PE consists mainly of Gram positive bacteria, aerobic, exopolymer forming microbes. As the ecosystem matures it allows adherence of a whole host of different microbes becoming enmeshed with the exo-polymer matrix. In viable biological situations the bacterial clumps grow as adherent plaques in the matrix and are referred to as sessile colonies; when individual organisms or clusters separate from the base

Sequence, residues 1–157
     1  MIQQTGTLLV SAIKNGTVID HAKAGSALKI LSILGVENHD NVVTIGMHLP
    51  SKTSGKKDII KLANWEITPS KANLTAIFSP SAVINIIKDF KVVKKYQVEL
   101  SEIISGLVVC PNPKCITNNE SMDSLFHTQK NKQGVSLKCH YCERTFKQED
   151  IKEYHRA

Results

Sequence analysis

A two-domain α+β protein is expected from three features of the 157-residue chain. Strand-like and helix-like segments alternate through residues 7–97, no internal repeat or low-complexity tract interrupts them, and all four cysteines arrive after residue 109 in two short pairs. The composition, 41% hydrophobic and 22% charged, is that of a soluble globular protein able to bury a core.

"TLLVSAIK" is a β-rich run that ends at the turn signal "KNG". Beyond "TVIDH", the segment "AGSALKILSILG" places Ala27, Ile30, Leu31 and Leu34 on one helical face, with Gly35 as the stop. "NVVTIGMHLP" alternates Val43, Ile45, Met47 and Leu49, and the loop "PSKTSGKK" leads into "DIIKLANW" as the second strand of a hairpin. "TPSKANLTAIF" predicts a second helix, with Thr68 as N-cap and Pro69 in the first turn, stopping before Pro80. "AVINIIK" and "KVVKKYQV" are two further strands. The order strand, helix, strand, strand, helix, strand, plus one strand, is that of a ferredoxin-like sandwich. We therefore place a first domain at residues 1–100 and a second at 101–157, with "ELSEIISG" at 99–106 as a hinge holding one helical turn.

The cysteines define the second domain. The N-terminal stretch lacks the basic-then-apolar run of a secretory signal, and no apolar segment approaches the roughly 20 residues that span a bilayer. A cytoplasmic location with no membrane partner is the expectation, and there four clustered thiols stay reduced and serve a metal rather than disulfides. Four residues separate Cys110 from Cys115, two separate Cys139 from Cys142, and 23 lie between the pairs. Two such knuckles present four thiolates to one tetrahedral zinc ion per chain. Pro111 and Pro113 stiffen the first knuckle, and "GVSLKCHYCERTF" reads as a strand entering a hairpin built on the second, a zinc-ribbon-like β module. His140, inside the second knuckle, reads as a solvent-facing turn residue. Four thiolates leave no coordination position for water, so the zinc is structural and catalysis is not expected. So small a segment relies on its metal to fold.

Synthetic plastic polymers, ecosystems and health